Damn, that sounds good!
Working overseas, asking a person where they are from is a good way to break the ice. I listen patiently as they tell me their home state, and when they ask me, I point to my boots and proudly state, Texas!
In places I travel, sometimes my State Department ID is not enough. That’s when I pull out the ol’ Texas driver’s license. I kid you not. I have found that little card from Texas has more sway than a diplomatic badge with my picture on it, and the words U.S. Department of State.
A few months ago, I had to go to one of the Turkish military compounds to help with a situation. I gave the guard the usual State Dept. ID and he looked at it and said, “I need more.” So, I gave him my “Sam Houston” card, and he exclaimed, “Ah, Texas!” I replied, “Yes, sir. Best country in the World.”
Believe it or not, that scenario has played out several times since being in Turkey.
Once I had to make an emergency flight to Adana and when I got to the airport, I realized to my horror, I did not have my passport or Turkish ID card. I called back to the Embassy and was told to try using my State Dept. ID. So, I did and it wasn’t enough. I pulled out the driver’s license and she said, “Yes, yes. This will work.” So I was able to make a round trip flight and check into my hotel in a foreign country with only my Texas driver’s license. Amazing, even to me.
When I first arrived here, all three of us in the office hailed from Texas. So the walls are adorned with the Texas flag, and four clocks: Turkey time, Greenwich Mean Time and two showing the time in Texas. What else is needed?
Back in December, our Texas born Seabee returned to the States and his replacement is from California, or Florida or someplace bizarre. So, he felt a bit slighted the office was a shrine to the Great State of Texas, and proceeded to let his opinions be known.
He took a Texas clock and placed a sticker on it insinuating the clock was showing Florida time instead. A few weeks later, I replaced the clock with a Texas clock that could not be altered. So far, it has remained. Rightfully so.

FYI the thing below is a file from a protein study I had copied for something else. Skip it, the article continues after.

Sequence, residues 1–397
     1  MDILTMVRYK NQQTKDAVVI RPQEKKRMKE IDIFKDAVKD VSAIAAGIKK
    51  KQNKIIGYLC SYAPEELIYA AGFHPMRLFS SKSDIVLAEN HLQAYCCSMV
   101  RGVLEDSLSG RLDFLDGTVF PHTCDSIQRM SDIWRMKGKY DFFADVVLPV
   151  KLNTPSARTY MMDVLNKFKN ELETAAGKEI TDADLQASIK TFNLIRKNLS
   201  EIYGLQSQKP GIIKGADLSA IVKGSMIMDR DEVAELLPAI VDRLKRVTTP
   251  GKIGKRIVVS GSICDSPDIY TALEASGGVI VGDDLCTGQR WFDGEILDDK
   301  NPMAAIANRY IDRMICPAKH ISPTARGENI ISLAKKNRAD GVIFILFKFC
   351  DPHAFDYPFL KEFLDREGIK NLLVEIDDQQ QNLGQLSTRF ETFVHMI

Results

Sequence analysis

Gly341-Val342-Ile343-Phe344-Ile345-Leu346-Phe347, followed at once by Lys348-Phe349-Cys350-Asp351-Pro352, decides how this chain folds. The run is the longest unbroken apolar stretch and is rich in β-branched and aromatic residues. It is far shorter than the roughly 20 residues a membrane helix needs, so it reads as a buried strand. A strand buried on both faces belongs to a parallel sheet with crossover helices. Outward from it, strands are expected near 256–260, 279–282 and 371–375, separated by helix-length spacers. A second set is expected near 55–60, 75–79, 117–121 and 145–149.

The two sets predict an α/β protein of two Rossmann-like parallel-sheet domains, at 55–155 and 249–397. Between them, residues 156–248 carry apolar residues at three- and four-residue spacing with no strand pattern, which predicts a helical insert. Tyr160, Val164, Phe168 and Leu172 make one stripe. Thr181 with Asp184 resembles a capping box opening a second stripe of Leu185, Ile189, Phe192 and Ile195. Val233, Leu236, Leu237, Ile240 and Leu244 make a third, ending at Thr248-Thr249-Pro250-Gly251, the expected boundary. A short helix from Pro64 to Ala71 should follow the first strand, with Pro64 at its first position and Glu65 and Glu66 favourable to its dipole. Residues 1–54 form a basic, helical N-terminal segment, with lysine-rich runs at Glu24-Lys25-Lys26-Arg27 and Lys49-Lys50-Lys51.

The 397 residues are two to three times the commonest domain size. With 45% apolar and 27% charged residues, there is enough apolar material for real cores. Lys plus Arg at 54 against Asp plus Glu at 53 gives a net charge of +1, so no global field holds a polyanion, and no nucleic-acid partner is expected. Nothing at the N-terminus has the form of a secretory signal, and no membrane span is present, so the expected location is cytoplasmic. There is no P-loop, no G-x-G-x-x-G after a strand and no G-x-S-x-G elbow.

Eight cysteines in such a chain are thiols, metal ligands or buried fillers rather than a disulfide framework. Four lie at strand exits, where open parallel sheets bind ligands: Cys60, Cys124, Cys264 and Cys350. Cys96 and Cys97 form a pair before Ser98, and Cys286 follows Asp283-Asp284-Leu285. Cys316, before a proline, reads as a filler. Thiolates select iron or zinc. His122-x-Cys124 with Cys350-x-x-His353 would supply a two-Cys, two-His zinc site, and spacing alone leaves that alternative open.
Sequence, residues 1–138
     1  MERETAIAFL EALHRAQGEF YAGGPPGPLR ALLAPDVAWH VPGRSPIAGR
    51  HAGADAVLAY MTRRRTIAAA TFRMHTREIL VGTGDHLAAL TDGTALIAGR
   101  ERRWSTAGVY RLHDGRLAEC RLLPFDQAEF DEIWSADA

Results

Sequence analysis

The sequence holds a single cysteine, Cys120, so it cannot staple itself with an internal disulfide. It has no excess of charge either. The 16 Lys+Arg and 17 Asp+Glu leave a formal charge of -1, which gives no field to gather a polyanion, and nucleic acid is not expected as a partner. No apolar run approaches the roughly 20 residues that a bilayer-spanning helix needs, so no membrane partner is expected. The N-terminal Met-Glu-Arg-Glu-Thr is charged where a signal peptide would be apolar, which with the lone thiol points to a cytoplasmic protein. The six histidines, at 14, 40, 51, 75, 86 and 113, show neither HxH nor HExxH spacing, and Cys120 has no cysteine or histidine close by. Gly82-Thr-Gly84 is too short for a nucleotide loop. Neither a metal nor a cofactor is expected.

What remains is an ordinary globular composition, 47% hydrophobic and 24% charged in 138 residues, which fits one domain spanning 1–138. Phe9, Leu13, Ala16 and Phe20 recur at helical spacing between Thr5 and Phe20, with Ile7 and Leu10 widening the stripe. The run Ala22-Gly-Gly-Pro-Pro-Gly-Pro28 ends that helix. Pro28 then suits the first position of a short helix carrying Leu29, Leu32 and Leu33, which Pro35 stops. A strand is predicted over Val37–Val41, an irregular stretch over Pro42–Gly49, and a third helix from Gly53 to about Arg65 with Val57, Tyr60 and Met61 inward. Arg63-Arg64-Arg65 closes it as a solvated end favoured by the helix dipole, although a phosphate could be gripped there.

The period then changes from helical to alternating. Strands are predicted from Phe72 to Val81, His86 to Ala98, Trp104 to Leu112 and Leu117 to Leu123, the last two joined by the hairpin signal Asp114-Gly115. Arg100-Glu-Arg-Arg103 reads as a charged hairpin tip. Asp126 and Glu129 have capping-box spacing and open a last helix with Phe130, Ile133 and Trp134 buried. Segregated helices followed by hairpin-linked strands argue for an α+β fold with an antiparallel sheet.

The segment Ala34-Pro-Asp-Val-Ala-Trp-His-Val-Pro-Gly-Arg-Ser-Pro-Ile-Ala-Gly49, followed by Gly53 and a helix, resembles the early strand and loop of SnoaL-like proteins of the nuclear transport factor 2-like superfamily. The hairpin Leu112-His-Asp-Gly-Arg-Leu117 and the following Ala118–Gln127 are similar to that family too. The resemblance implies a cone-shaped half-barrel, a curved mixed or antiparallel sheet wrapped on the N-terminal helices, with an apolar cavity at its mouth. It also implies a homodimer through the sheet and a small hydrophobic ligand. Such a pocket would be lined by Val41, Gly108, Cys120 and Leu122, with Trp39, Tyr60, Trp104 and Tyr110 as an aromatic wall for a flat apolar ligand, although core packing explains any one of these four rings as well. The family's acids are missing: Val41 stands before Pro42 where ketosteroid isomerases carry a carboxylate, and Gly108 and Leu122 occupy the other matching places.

The Marines at the Embassy have their own house, which understandably has a bar. So, I purchased a Texas flag to hang where all could see and enjoy it. As a gratuity for my actions, the Detachment Commander, “an American by birth and Texan by the grace of God”, purchased a special Texas glass for me to use when I am in their bar. All Marines are told, that particular glass is for Mister Nolte and no one else is to use it. It pays to be a Texan in so many ways.
While I was gone from the office one day, our little cleaning girl, Nadia, came in and cleaned. Over by my cigar humidor, I have a bumper sticker my boss gave me which says, “… you may all go to hell and I will go to Texas”. This is a quote from the Texas Hero, Col. David Crockett.
Someone told her what it said and she found it to be a beautifully profound statement. I don’t really think she understood it, but it did have the words Hell and Texas in it, so she found it profound. I know in some places in the State, the difference between Hell and Texas are not well defined.
Now, every time I see her in the hallway, she has this enormous smile she gives me. The next time I am in the office when she shows up, I’ll give her the bumper sticker to enlighten her life. She will probably name her firstborn after me.
Instead, I will tell her to name the little one, Samuel Houston or Stephen Fuller Austin! Give the credit where it is due.
Keep kicking butt. Dwaine (Texan)